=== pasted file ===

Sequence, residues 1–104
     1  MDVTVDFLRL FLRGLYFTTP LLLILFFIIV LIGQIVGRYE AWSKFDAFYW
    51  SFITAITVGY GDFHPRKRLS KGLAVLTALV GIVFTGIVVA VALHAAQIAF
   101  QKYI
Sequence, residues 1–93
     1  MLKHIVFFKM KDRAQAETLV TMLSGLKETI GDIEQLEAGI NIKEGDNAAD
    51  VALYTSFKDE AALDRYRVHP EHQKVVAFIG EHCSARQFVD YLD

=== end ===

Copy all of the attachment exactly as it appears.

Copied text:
Sequence, residues 1–104
     1  MDVTVDFLRL FLRGLYFTTP LLLILFFIIV LIGQIVGRYE AWSKFDAFYW
    51  SFITAITVGY GDFHPRKRLS KGLAVLTALV GIVFTGIVVA VALHAAQIAF
   101  QKYI
Sequence, residues 1–93
     1  MLKHIVFFKM KDRAQAETLV TMLSGLKETI GDIEQLEAGI NIKEGDNAAD
    51  VALYTSFKDE AALDRYRVHP EHQKVVAFIG EHCSARQFVD YLD